There is nothing wrong with Plato and Aristotle modeling their philosophy on their culture, and in fact Dewey believed it was impossible for them to do otherwise. But a problem arose when the medieval philosophers and theologians adopted the radical split between Plato’s higher and lower without recognizing the cultural cause of the distinction. Then what had been a philosophy inspired by a stratified culture became accepted by medieval thinkers as a vision of reality. They adopted the earlier model where all that was lower was fallen, and all that was higher was divine. Truth, beauty, and reality were to be found not in the fields or mines, but only in heaven. It oversimplifies the argument to say these thinkers turned all that was ‘good’ and ‘higher’ in Plato into a religion, but that is an echo of the truth.

Dewey identifies many unfortunate consequences of this unreflective phase. The philosophy of both Plato and Aristotle that the medieval thinkers accepted, relegated the body to a lower level. More importantly, they relegated the work done by the body to a lower level. The very people who supported and drove the culture and economy were looked down upon. Miners, farmers, and even doctors, were associated with the body. So unfortunately the results of their work were never related to knowledge. Knowledge could only come from the heights of the intellect, never the results of the practical work of the body. In Dewey’s view this was the gravest of errors. It’s not that Dewey did not value intellectual work: he was a philosopher, after all. Rather, he thought it was a profound error to separate the intellectual from the practical and then believe knowledge could only come from the purely intellectual sphere. As he explains, it was the partial reconnection of the intellectual and the practical which led to the scientific revolution of the fifteenth and sixteenth centuries, since it was the reconnection of theory with practical experimentation that drove this revolution. Its massive growth in knowledge did not come from theory alone, but from the combination of theory and experiment. That is, it came from reconnecting the higher and lower. In a startling assertion, Dewey suggests that the scientific revolution was held back twenty centuries by the very early separation of the intellectual and practical by Plato.

Dewey offers many other examples to support his critique. Much of the first half of the book is an attack on canonical Western philosophers and their problems. The mind/body dualism of René Descartes comes under an attack similar to that leveled against Plato. For Dewey it is no coincidence that Descartes’ split is markedly similar to that of Plato, just as it is no coincidence that Descartes still attaches higher value to mind (or soul) as the seat of identity, and relegates the body to the status or a mere machine. So the core assumptions of philosophy never really changed with the times; they only grew more complex. Other philosophers come under a similar critique. John Locke, G.W.F. Hegel, and Immanuel Kant, are all targets for Dewey. Each of them is guilty in some way of being too closely tied to a shared philosophical method which bears little or no resemblance to practical life as it is experienced. Worse yet, it bears no resemblance to the methods of science.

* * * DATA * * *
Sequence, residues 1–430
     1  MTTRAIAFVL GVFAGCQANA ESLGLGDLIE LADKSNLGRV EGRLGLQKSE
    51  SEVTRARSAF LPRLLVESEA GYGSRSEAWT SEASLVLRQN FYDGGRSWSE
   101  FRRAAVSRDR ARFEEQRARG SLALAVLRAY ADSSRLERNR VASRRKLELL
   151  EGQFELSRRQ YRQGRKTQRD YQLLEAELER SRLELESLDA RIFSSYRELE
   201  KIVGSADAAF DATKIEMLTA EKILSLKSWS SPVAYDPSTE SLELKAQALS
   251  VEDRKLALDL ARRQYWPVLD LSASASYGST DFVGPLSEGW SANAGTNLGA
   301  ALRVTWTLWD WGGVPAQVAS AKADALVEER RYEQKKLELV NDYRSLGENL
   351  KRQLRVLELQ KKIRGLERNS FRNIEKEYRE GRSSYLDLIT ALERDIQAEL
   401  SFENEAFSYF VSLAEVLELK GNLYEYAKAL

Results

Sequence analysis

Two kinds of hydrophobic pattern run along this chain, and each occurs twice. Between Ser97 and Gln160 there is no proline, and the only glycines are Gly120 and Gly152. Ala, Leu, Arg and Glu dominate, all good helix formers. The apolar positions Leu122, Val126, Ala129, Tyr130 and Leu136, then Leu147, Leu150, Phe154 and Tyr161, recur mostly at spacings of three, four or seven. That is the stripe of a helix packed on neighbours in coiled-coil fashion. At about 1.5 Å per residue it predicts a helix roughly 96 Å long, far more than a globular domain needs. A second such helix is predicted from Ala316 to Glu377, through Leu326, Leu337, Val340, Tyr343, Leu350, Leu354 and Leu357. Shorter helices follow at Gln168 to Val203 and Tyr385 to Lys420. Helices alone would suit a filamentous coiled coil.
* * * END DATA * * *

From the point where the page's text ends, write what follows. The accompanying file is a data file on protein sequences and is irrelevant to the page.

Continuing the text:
Dewey’s Solution

The book is not only a deconstruction of philosophical history. Dewey offered a positive solution to these troubles of philosophy, and it makes his argument as important today as it was in the mid-Twentieth Century. His suggestion was that philosophers should adopt a methodology much like that used by scientists. In itself this suggestion is not as radical as it once was, but Dewey wanted to take things further than most would even today. To head off the most common objection, it is important to note that he did not want philosophers to become scientists. Rather he wanted philosophers to adopt the successful scientific method and adapt it to philosophy. This method would be applied to every area of philosophy, with no exceptions. Politics, economics, aesthetics, and even morality, would be examined through this philosophical/scientific method.

Dewey thought that it was the reconnection of the theoretical and practical which had made science so successful. Following this, philosophy’s method should be an organic mixture of theory and practice. Like science, philosophy should begin in the problems presented by experience, hypothesize solutions, and return to experience to test these solutions; and this process would be repeated as necessary. Just as importantly, philosophy should recognize fallibility at each step of this process, and also disallow supernatural arguments. This reliance on method, on fallibility, and on fully naturalistic argumentation, would help inoculate philosophy from the poisonous methods of its unmodern beginnings.

Despite its delayed publication, Dewey’s rediscovered book Unmodern Philosophy and Modern Philosophy still challenges contemporary philosophy. In it he challenges philosophers to be sharply critical of their historical progress; he challenges philosophers to recognize the success of the methods of science and to be pragmatic; and he challenges us to use this method to create a truly modern philosophy.

© Dr Michael Brady 2014

Michael Brady is a real life pragmatist, currently teaching at Webster University in St Louis, MO, and at Duke University TIP for summer.

Unmodern Philosophy and Modern Philosophy, by John Dewey, SIU Press, 2012, 351 pages, $60/£51.95 hb, ISBN: 0809330792